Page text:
The philosopher and historian of ideas Isaiah Berlin is another towering figure of the university, given terse but vivid portraiture here. Though thoroughly acquainted with the Soviet depredations upon subject peoples, Berlin emerges as one who charted a deft course through the shoals of moral courage to remain in good odour with the leftist elites of his day.
After toying with the idea of diplomacy, Pryce-Jones moved into the world of journalism, first as a literary editor before becoming a Middle East correspondent for the Daily Telegraph during the 1967 and 1973 Arab/Israeli wars and visiting the region with increasingly frequency. Here, too, much that had been good or at least solid had been wiped away by the Nassers and Ben Bellas, who had been promising Arabs the world upon the departure of the colonial powers.
A wealth of experiences undergirds his writing about the Arab world, along with an enormously rich acquaintance with persons great and small, whether it is a meeting with David Ben Gurion, or rushing to convince Palestinians fleeing the West Bank in the aftermath of Israel’s Six Day War victory that they needn’t leave; or meeting an array of Jew-baiting figures. The last include a British ambassador in Lebanon who, over dinner, described Israelis as Nazis, and the writer Harold Pinter, who once got up and walked out on a dinner he was hosting for Nobel Laureate VS Naipaul and his wife Nadira when the latter mentioned that they were friends with the Pryce-Joneses.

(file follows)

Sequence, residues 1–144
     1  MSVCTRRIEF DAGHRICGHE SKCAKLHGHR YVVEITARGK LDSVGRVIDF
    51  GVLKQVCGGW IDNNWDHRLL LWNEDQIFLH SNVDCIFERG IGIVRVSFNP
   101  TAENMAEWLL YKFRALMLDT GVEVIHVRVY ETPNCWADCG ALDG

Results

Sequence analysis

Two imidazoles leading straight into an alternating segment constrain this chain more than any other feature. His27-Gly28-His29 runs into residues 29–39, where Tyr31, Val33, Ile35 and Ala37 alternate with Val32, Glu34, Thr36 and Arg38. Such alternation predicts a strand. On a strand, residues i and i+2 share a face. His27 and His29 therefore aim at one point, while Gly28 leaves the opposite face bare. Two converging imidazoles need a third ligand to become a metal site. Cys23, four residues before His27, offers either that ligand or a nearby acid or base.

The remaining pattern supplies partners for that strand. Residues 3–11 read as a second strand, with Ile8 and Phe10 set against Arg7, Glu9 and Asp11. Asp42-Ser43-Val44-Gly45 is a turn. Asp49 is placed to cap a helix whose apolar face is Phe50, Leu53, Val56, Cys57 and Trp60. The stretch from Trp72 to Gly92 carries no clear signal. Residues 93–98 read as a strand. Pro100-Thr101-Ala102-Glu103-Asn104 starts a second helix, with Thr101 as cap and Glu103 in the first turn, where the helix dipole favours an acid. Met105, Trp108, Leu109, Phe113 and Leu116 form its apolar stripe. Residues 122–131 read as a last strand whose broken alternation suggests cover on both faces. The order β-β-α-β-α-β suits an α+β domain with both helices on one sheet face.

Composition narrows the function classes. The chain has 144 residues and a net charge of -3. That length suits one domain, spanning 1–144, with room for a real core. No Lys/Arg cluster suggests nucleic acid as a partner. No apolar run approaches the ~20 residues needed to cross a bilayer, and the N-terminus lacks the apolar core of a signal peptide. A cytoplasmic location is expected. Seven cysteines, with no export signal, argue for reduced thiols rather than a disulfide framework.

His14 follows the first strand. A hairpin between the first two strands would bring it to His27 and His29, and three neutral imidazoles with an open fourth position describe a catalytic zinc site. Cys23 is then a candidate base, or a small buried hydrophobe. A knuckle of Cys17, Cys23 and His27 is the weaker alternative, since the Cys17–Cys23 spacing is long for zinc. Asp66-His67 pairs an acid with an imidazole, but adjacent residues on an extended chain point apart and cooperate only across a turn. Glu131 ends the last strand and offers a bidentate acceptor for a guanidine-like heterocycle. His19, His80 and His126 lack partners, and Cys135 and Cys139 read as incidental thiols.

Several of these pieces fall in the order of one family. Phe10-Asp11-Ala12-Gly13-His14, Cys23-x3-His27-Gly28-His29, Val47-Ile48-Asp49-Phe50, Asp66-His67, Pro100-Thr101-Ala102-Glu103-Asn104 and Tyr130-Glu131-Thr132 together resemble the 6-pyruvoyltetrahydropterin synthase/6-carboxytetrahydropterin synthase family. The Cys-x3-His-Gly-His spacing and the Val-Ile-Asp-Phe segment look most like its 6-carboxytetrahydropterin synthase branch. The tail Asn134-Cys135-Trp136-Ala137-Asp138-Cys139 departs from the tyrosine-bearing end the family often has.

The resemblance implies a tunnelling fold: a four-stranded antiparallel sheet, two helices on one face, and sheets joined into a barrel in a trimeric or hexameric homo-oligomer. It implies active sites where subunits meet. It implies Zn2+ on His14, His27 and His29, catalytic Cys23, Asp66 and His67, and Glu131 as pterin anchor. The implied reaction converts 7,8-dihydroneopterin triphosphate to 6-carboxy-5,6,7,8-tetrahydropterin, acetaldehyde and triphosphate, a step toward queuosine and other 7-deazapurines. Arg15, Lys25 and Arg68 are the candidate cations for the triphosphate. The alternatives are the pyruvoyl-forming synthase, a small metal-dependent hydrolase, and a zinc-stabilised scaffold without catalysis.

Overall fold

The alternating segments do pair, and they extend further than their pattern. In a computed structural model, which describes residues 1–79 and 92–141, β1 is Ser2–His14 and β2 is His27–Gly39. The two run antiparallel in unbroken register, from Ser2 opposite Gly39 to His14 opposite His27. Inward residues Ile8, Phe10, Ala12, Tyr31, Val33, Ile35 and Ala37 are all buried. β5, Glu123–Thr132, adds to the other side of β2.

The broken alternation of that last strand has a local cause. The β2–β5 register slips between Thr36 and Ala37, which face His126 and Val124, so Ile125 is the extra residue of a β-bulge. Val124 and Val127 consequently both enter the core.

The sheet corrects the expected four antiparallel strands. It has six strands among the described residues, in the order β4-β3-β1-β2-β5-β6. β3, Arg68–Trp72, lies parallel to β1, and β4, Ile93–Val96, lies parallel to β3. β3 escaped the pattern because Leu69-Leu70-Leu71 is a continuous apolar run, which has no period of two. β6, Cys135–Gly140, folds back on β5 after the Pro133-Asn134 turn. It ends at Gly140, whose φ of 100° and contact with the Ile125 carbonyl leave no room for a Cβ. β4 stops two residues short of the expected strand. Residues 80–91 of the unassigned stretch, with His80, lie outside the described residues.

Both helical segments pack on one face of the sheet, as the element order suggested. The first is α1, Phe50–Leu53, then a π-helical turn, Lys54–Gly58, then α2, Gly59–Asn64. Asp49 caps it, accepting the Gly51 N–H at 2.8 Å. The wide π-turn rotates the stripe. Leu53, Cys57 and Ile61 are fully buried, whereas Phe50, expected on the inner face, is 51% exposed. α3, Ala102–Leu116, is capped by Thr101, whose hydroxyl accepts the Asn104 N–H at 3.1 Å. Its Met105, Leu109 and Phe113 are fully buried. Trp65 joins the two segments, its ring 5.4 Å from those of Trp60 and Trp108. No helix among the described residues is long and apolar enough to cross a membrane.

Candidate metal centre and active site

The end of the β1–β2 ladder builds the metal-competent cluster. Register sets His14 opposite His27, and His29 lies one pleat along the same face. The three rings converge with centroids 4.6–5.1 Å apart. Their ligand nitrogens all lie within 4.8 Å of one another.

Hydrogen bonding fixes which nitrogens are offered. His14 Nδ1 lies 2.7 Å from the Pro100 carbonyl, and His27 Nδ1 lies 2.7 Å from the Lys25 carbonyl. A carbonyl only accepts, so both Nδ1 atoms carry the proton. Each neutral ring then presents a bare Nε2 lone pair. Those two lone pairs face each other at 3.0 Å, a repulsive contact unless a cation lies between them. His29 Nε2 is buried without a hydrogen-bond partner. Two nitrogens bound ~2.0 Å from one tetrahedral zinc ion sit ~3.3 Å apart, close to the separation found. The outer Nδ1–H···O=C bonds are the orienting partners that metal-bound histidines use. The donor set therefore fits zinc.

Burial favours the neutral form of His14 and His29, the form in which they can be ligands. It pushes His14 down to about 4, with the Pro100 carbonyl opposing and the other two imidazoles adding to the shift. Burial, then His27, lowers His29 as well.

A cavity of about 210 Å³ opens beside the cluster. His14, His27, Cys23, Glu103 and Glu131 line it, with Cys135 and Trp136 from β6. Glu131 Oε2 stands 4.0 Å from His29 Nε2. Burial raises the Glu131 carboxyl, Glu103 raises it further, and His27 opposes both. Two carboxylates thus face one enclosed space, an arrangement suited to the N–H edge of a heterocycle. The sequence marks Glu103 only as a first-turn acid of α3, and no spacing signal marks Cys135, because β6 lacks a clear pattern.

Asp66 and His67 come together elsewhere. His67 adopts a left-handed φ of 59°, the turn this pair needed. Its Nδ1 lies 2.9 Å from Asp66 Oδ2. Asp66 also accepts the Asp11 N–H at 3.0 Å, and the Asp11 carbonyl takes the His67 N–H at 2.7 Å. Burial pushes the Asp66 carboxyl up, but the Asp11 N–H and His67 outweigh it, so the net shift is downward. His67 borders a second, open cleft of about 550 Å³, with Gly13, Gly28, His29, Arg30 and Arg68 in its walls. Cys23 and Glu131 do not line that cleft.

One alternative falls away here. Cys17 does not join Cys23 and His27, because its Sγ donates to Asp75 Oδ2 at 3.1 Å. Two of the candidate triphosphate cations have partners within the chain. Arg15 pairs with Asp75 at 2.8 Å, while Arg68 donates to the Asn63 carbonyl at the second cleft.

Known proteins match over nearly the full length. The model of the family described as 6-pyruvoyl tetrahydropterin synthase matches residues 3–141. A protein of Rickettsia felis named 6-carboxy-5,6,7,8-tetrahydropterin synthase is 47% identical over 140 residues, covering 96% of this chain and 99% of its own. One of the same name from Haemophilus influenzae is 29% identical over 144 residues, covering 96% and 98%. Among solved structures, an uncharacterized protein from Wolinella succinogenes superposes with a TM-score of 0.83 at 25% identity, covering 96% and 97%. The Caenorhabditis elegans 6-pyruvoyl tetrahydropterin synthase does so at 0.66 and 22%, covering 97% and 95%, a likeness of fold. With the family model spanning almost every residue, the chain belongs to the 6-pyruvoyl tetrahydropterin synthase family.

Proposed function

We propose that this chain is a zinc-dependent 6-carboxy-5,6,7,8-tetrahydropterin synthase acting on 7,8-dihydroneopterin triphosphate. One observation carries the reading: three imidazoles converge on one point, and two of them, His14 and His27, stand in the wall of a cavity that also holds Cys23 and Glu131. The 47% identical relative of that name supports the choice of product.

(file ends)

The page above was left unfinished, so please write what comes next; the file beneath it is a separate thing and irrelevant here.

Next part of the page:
How many people get interrupted weeding their garden to be told by a neighbour that he is bringing Princess Margaret around? Better still, who can claim to have played tennis with a topless Greta Garbo? Science fiction writer HG Wells, in a boat with Pryce-Jones’ mother Poppy, correcting proofs of a new novel, made a pass at Poppy and got his manuscript thrown into the lake for his troubles. Poet John Betjemen’s wife took the author for rides in her pony trap while Pryce-Jones’ grandparents entertained such figures as Somerset Maugham, Noel Coward and an array of European blue bloods while in Portuguese exile.